Sunday, September 5, 2010

Student Loans

I ran into this disturbing page about student loans.  I just watched a Frontline documentary from earlier this year called "College, Inc."  While they put the primary focus on for profit colleges as the source of the problem, what concerns me is that I am seeing a lot of evidence that a lot of people are getting themselves deeply in debt for educations that are unlikely to allow the student to ever pay off those debt.  College is not for everyone.  It is especially not for those who have failed to master certain basic skills--and are misled into believing that they can go to college, pile up a mountain of debt--and then get a good paying job to pay off that debt.

5 comments:

Andy in San Diego and Elsewhere said...

College loans are a crazy feedback loop. The government makes more college loans/grants available, so all colleges (private and public) raise rates to take advantage of the largesse, the govt sees prices for college going up, so they make more $$ available. Rinse, repeat....

Dave said...

I have a friend who spent 8 years in college and wound up with a Bachelors' in Political Science. He changed his major twice and took the maximum loan every semester.

By the way, he went to a major state university. His monthly student loan payment is now more than my wife and I pay on our mortgage.

Geoff Matthews said...

Who would have thought that supply-and-demand applies to higher ed?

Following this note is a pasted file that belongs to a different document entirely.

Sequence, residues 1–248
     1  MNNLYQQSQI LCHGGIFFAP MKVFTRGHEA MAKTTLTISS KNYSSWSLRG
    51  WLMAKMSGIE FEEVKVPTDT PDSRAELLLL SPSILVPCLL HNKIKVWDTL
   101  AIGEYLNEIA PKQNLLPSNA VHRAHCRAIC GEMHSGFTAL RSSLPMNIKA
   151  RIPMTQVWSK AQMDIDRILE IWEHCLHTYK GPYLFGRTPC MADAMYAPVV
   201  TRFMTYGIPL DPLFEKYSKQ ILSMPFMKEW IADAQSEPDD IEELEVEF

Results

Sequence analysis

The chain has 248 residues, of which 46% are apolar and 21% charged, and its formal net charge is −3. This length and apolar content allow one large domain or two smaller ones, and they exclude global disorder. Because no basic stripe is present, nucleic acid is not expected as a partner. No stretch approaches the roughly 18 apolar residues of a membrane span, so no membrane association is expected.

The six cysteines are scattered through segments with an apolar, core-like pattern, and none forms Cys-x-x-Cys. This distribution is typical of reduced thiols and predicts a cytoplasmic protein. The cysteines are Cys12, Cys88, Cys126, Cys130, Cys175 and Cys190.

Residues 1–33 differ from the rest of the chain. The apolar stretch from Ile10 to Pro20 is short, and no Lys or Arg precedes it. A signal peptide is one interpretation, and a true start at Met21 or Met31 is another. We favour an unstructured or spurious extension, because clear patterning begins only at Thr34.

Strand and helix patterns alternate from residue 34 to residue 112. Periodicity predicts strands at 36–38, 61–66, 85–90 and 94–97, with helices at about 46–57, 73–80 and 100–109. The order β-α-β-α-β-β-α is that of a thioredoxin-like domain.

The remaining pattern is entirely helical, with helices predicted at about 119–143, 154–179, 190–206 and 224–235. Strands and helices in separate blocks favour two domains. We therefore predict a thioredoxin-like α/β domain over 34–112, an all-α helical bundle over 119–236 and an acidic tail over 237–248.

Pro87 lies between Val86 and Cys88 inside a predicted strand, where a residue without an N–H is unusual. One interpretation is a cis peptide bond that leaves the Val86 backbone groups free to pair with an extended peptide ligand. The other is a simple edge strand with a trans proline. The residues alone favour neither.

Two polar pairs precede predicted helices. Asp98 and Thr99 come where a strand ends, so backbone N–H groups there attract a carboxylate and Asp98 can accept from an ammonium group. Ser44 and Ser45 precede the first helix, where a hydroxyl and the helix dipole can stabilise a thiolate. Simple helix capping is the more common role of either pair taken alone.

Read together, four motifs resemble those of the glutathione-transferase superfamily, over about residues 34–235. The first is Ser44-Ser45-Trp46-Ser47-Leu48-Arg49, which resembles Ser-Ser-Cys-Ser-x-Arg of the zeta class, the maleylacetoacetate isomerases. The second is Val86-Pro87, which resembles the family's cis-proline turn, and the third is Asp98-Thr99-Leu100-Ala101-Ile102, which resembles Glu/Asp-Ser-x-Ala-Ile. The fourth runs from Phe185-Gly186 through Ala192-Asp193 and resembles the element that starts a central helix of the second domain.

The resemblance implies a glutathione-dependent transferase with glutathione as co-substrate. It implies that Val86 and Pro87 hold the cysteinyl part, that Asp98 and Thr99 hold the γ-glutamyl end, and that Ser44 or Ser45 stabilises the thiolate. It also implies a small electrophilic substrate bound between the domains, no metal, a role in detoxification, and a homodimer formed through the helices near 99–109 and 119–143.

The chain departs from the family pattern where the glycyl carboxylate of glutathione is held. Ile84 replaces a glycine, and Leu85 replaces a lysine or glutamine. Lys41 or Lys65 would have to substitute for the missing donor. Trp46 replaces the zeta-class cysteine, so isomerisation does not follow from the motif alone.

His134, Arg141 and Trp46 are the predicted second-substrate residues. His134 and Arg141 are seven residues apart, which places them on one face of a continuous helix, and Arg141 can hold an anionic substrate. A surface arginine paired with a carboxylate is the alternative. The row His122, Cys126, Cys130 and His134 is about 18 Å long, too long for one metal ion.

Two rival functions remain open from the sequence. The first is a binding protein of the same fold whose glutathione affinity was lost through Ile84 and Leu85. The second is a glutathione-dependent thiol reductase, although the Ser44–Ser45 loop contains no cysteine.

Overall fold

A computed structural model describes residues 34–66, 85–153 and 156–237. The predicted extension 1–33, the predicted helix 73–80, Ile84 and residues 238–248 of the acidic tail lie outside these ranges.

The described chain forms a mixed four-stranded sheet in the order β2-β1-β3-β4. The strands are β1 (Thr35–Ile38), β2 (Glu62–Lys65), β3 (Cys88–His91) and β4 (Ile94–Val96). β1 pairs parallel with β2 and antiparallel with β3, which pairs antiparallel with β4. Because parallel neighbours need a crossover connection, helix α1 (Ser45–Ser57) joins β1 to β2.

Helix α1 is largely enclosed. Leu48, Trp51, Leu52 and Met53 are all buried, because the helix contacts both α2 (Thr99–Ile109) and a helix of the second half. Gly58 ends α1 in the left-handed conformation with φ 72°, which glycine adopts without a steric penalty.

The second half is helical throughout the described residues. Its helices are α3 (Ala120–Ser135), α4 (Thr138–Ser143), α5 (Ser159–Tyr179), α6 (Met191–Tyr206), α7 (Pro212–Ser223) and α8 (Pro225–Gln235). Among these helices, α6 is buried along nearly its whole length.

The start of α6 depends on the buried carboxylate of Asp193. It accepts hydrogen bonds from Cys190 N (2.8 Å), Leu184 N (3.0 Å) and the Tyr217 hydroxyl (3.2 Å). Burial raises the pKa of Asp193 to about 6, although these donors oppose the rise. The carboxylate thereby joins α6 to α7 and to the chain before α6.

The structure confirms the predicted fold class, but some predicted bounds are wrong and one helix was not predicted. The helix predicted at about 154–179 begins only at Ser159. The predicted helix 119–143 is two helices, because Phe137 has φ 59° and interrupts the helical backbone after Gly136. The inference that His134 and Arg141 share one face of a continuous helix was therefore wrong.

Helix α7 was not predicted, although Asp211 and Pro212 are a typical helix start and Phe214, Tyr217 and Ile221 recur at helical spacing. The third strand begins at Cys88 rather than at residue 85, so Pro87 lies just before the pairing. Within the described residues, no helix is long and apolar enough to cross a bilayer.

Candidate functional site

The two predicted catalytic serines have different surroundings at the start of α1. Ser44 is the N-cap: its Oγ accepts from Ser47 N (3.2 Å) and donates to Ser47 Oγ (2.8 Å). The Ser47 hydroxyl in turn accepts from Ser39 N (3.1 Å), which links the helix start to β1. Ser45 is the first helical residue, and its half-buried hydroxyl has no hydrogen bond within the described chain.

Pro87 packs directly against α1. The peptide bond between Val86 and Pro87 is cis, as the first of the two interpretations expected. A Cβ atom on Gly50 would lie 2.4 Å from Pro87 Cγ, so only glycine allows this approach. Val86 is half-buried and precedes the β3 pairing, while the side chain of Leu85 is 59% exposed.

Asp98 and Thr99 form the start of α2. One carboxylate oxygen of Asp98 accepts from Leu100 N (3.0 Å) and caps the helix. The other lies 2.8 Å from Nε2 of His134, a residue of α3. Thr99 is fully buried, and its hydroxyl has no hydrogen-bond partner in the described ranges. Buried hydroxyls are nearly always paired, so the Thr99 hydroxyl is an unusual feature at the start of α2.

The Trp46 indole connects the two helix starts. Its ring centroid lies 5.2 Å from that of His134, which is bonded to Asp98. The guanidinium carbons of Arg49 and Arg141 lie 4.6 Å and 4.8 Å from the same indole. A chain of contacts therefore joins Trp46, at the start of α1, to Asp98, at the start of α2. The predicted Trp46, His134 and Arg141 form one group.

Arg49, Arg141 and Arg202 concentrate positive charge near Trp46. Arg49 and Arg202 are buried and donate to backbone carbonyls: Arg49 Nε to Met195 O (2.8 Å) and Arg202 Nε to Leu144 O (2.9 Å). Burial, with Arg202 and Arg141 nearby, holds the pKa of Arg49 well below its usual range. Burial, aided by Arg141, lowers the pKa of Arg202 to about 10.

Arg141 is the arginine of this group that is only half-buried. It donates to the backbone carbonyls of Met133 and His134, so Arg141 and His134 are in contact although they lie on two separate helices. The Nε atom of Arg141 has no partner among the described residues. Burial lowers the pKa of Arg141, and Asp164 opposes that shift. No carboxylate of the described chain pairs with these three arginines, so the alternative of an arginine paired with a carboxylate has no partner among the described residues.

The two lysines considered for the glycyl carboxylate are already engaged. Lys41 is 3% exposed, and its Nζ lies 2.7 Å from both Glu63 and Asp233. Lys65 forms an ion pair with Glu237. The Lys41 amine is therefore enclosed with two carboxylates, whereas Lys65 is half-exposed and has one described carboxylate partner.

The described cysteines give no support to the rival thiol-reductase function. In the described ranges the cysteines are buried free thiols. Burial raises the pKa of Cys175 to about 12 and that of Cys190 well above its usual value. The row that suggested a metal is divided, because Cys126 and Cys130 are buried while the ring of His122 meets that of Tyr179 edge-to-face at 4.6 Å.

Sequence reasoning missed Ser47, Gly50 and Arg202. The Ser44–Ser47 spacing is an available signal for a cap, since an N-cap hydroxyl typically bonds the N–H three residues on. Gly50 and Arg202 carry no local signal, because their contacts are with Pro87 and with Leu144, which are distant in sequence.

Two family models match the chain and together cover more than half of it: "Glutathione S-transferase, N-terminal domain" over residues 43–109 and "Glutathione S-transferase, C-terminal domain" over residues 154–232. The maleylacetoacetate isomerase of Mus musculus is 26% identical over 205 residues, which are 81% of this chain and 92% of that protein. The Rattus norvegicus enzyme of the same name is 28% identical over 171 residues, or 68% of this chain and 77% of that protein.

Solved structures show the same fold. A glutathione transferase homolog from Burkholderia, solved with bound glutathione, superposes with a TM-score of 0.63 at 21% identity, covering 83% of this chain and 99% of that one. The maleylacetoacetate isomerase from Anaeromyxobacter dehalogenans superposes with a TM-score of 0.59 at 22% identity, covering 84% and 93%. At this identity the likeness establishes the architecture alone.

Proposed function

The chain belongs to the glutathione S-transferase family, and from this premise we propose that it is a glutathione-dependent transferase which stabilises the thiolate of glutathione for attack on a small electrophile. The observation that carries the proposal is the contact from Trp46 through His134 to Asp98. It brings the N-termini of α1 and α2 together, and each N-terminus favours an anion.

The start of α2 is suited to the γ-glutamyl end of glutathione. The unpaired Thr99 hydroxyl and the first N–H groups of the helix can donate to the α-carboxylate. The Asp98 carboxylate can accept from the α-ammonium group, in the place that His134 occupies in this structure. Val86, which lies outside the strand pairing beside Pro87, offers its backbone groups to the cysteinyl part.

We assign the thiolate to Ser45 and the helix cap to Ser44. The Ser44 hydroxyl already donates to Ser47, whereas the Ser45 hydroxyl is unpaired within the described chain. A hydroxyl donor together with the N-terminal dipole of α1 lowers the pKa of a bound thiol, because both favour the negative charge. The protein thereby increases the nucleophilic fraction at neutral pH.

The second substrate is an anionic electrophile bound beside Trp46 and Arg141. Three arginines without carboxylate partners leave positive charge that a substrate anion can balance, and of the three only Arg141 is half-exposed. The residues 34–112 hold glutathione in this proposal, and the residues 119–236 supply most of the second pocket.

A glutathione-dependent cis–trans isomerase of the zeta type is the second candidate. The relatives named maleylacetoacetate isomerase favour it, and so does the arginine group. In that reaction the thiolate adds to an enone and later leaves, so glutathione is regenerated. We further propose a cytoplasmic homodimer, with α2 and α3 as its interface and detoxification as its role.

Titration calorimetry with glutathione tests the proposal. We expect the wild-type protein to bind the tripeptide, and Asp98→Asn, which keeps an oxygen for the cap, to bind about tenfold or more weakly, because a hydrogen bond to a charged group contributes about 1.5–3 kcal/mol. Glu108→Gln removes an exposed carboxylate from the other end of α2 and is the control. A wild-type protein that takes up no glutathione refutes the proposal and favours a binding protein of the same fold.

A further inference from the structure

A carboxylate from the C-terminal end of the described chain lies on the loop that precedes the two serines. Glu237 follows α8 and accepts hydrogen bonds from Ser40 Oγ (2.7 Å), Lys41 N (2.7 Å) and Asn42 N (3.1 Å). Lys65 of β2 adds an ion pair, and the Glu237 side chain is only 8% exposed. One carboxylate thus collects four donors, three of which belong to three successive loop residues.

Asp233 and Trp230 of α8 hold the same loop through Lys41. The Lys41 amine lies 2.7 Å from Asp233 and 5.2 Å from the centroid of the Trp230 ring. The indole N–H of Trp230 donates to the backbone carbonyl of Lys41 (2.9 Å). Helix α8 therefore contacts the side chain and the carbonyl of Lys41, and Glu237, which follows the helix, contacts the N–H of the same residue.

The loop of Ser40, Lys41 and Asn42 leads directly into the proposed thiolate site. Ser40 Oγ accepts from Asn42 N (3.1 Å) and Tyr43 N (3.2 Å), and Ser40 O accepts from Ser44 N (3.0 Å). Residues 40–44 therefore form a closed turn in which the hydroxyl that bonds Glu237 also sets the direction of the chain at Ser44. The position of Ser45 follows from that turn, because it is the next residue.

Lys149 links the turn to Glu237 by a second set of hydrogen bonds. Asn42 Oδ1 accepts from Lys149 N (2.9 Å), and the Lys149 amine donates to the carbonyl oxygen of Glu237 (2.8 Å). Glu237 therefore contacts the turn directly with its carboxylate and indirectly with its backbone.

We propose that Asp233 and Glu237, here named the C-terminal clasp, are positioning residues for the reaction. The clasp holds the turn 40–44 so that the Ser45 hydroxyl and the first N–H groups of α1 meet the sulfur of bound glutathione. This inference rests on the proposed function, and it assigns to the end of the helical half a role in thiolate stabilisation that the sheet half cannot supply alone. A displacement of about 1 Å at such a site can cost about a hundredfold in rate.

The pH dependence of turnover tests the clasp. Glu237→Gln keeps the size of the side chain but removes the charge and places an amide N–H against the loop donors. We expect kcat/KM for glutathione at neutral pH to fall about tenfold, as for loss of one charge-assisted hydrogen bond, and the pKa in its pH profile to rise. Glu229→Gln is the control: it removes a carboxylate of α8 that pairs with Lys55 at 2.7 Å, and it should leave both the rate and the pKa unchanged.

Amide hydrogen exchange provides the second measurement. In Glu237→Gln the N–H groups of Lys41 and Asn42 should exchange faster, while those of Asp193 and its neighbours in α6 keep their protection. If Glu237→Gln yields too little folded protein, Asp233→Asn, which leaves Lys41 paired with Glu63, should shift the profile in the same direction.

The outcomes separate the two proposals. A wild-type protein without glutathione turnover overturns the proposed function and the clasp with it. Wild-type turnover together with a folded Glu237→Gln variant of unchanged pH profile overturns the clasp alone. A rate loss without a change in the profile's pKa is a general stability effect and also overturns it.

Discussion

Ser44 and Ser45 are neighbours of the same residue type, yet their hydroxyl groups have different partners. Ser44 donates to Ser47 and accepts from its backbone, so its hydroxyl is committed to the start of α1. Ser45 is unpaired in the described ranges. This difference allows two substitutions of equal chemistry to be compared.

Don't they have economics professors at some of these places?

Rorschach said...

it isn't the colleges per se, it is the easy availability of "free money" in the form of student loans. Students don't feel like they have any real skin in the game, so they go and borrow all that money and don't really grasp that at some point they have to pay it back. Colleges (for profit and non-profit both) have no real competitive pressures to try to keep costs low or deliver more for the student's dollar so they have no reason to keep the tuition low. Students pay it because they can get all the money they want from loans. then they get out, get into the real world of work and figure out that those massive student loans are killing them and they can't get out from under them by filing bankruptcy either. But by then it is too late.

Epsilon Given said...

That's what I'm facing right now. Of course, I majored in something useful (mathematics) but focused on the pure side, all the way up to doctorate...so now I'm wondering what I can do to pay off a huge mountain of debt. In some ways, I'll consider myself "debt-free" once I pay off my non-student debt...yet my student debt is a HUGE percentage of my overall debt.